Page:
Monday, May 13, 2024

Five Stars

 Ever noticed how the very worst overall rating anyone ever has on a rideshare app or a short-term rental app is about a 4.2? Getting four stars out of five is some sin against a person's character. It's all complete nonsense, but it's what the gig economy has become.

As Keya pointed out as I complained about this recently, the idea started to enter the zeitgeist and/or our collective consciousness as we had to rate customer service and unless a server/phone rep/whatever got 9 or 10 out of 10, they were likely disciplined up to and including termination. Yet (at least in my childhood) an 80% was a B, which was a pretty danged good grade. 

Our front row seat for this is now thanks to AirBNB and our cabin outside of Grand Lake, Colorado. While most guests have been great, a couple five-star ratings come to mind:

  • A guest who dismantled a bed and knocked a closet door off the track. Despite writing "...would be hesitant to recommend her" in the review, we still gave her five stars.
  • Another recent guest who had one of the people that stayed with him PEE IN THE BED (A full grown adult) and make no effort to clean it up (On top of other notes that it was much messier than most AirBNB guests) also received a five-star review.
Some of it is borderline extortion. A fear that if we don't review them five-star, they will give us a bad review. The same seems to hold true for the rideshare apps. 

This is where I'm sure people are going JUST RATE WHAT YOU WANT. IT'S YOUR PLACE. Well, we leave all of the renting stuff up to our property manager who does a FANTASTIC job and has a business to run. She has much more experience than we do. 

It has, however, been the norm for quite awhile. Listing after listing on AirBNB has 4.5+ stars. Many we have stayed in have a series of issues that would not be tolerated in a two-star hotel, but it's a 4.8-star AirBNB.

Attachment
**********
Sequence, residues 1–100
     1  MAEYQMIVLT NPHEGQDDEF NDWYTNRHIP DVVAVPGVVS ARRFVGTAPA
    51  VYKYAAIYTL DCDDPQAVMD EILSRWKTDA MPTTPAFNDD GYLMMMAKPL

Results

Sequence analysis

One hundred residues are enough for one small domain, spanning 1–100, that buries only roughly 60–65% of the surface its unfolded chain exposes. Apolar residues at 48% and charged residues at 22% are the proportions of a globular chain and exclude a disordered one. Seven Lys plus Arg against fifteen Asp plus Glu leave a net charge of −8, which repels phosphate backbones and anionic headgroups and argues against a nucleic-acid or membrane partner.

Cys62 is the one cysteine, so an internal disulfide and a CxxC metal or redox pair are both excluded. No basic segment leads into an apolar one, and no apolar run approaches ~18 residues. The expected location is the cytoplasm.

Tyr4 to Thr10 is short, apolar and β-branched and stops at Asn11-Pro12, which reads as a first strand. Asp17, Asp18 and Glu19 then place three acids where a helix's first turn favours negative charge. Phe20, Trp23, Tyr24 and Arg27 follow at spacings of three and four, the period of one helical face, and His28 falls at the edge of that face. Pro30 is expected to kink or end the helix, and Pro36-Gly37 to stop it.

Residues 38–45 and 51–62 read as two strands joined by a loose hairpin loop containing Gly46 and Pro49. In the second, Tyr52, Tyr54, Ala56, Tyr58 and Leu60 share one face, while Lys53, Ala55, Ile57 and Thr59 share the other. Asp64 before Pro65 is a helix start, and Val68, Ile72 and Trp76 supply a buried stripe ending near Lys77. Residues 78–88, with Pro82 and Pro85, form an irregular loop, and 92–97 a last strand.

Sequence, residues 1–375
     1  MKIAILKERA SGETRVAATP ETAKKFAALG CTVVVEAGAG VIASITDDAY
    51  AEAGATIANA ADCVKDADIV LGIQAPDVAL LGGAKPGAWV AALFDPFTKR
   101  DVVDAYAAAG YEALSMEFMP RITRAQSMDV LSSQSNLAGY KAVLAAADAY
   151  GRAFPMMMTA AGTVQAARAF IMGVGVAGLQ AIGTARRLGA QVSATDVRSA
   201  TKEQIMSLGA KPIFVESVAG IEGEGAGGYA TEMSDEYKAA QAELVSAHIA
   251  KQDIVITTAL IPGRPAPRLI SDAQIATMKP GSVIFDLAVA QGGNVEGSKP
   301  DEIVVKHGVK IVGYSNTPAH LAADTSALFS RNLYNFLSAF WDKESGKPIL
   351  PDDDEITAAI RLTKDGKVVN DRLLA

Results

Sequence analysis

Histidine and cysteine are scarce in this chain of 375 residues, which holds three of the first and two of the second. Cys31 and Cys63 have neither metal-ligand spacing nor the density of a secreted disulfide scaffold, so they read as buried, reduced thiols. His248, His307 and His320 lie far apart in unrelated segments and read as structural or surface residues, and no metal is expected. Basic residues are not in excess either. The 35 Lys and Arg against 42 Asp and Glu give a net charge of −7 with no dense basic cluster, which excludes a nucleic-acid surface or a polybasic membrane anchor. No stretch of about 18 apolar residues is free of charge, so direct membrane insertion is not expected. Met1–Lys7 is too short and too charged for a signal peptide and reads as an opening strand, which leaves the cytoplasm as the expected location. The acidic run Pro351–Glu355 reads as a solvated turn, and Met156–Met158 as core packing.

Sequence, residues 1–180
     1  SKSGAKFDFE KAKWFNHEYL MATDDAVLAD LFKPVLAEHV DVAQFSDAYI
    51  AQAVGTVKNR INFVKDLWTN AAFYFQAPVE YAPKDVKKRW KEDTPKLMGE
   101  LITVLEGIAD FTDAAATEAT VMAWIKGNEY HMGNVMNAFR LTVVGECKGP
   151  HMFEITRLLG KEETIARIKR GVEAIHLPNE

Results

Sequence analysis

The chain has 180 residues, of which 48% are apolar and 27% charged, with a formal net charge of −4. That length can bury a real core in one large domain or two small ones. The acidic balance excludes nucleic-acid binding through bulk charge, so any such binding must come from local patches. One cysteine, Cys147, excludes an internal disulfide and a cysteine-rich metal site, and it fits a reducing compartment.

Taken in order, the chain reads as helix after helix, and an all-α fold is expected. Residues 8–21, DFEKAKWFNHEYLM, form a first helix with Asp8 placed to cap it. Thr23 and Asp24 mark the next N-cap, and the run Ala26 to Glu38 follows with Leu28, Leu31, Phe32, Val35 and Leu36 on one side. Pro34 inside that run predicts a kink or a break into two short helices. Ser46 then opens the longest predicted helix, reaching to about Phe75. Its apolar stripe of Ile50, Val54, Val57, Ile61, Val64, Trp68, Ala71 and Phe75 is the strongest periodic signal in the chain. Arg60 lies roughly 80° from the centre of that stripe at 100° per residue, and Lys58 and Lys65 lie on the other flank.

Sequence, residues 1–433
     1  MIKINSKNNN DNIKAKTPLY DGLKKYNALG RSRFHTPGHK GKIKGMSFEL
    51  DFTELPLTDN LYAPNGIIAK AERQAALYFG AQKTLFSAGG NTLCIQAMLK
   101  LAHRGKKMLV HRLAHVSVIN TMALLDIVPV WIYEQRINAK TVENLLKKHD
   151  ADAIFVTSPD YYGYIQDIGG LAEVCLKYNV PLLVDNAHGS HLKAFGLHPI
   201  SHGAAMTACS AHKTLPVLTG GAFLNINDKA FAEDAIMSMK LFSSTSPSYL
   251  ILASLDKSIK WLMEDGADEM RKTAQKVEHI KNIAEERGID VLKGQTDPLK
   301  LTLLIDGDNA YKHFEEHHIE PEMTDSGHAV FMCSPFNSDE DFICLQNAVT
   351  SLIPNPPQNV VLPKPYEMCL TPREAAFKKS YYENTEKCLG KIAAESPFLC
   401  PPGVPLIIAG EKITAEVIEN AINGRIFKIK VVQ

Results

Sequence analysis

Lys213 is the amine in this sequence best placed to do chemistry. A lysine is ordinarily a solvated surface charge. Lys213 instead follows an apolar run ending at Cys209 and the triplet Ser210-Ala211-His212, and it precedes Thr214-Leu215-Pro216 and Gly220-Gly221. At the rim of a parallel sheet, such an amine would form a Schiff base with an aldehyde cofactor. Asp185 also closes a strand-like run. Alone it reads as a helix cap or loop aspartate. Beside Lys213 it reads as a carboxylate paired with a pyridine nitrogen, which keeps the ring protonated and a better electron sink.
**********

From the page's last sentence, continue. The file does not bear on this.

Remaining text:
Thanks to this and excellent photography, it's nearly impossible to tell if you're going to get a comfortable place to spend a vacation, or a place that's in the midst of a remodel, or was clearly "updated" by a owner fluent in YouTube and HGTV.

Overall, this has played a role in our family's decision to return to hotels and leave short-term rentals behind. There are a couple hotel brands whose rooms feature small kitchens, but none of the frustrations of AirBNB and VRBO, plus the prices are mostly comparable (And many serve free breakfast!).

I wish I could send a memo to every company, every leader, who is requiring a 9 or 10 from those unsolicited surveys you get after every customer service call. Look, your representative may do a perfect job, and get the irrational "Karen" that just can never be satisfied, is having a bad day, or was looking to start a fight.

I wish I had some grand solution, but there isn't one. We're getting out of the AirBNB game as hosts and will do it much less often, if ever, as guests since for our family, hotels like Embassy Suites and Homewood are cheaper and offer perks. Really, it's my blog and I can vent if I want. 😁

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